While working as a glorified enhancement talent on the house shows, putting over guys like the 1-2-3 Kid, and other newcomers who hadn’t even debuted on TV yet like Sparky Plugg, and PJ Walker (Aldo Montoya), Schwartz would stay true to his word and remain on strike, at least for TV purposes. Hey you know the WWF’s motto at the time, if it didn’t happen on TV, it didn’t happen! Schwartz would begin appearing in the crowd, much like Doink the Clown in 1992, walking up and down the aisles with an “I’m on Strike” sign or a variation thereof. Schwartz’s biggest claim to fame was his appearance at the 1994 edition of SummerSlam, where Abe showed up in the crowd toting a “I’m on Strike” sign during the Jeff Jarrett vs. Mabel match. Seriously? That’s the best time he thought to come out? During the piss break match? Schwartz would continue his strike through most of September.


Objective 3: The Strike Is Over… At least in the WWF!
When it was clear that there would be no MLB playoffs, and no World Series, Abe decided to throw down his batting gloves and put on his kneepads. No, he wasn’t visiting Pat Patterson’s office, he was stepping into the WWF rings! Hey, you’ve got to make a living! The wrestling ring was a perfect second sport for Abe, I mean in baseball you have 4 bases, in the wrestling ring you have 4 corners. It’s a perfect fit, let old Abe step up to the plate in the WWF and see if he can’t swing for the fences! As he made his way down the aisle to a musical version of “Take me Out to the Ballgame”, Schwartz would finally make his actual wrestling debut on the 9/25 episode of Wrestling Challenge, and then again on the 10/1 episode of WWF Superstars. Like the mighty Babe Ruth, Schwartz would call his shot, pointing to the corner, then placing his foe on the top rope before putting them away with the “Grand Slam” (Superplex). Without looking, I can only hope that he kicked imaginary dirt at the officials, if he didn’t he sure missed the boat on that spot.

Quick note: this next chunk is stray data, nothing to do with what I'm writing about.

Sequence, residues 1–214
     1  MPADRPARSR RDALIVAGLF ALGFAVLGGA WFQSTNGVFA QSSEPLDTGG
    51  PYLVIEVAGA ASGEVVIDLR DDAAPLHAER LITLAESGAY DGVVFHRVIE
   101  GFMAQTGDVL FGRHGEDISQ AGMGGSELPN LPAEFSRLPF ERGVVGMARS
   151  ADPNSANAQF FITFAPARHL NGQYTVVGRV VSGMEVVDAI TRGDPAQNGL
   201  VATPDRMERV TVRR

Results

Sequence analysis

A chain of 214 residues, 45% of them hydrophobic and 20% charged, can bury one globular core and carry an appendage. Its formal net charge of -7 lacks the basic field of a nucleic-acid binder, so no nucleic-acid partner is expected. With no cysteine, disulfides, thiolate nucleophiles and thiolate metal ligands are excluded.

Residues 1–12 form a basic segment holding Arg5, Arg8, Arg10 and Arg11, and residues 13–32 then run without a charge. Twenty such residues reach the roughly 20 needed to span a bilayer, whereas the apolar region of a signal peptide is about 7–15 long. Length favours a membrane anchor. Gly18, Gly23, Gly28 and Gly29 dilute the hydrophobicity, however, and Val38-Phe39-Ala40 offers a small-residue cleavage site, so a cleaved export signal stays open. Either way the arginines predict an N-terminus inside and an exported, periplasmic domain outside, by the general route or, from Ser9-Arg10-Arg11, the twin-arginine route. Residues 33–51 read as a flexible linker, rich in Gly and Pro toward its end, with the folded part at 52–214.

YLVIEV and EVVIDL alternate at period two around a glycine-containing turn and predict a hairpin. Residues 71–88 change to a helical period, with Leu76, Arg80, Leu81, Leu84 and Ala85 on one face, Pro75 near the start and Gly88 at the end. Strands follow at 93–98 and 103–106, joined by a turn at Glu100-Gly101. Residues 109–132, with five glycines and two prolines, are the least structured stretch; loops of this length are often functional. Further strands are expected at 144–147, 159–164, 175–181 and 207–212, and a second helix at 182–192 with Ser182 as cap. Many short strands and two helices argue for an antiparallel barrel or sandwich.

You can check out one of Abe’s rare ring appearances below.



Schwartz would continue on, working the house shows for another month against the likes of Jimmy Powers & Louie Spicolli (the future Rad Radford), his final appearance would be a loss to the 1-2-3 Kid on November 4th, 1994 in Columbus Ohio. Even though he was in a league of his own, alas, even after “batting a thousand” in his two homerun squash matches, old Abe (the character) would retire from the sport, never making it to “the big one”. Even though he was taught by the legendary Pat Patterson, the one thing Pat couldn’t teach Schwartz, was to LAY OFF THE BALLS. Yes, fans, after only being in the company a total of 14 weeks (“ballpark figure”) the Mighty Abe had indeed struck out!



Debriefing Mission 5: MVP / Abe “Knuckleball” Schwartz
I don’t believe for a second that Vince McMahon thought he’d hit this gimmick out of the park, it was likely more a favor to Lombardi for his years of “service” in the company. If you just stood back and looked at the character, it was kind of cool. I thought the baseball painted face was a nice touch. While the character came at just about the perfect time (the baseball strike) where it would be noticed and have more importance, there was still very little you could do with the character once the baseball season ended. It was obvious by the way Lombardi was booked on the house shows, this gimmick was meant as another in a long line of undercard characters to put over the bigger stars. In the world of baseball, you get three strikes, but in the WWF it was two strikes with this character, and Abe my friend, YOU’RE OUTTA HERE, it’s time to go back to the minors!

Mission Accomplished! And as I leave the baseball diamond now and make that long journey back to Operation headquarters, I don’t know what my next mission will be but I can only hope it’ll be another trip to home plate! This has been Cpl. Dick Peters, standing at attention!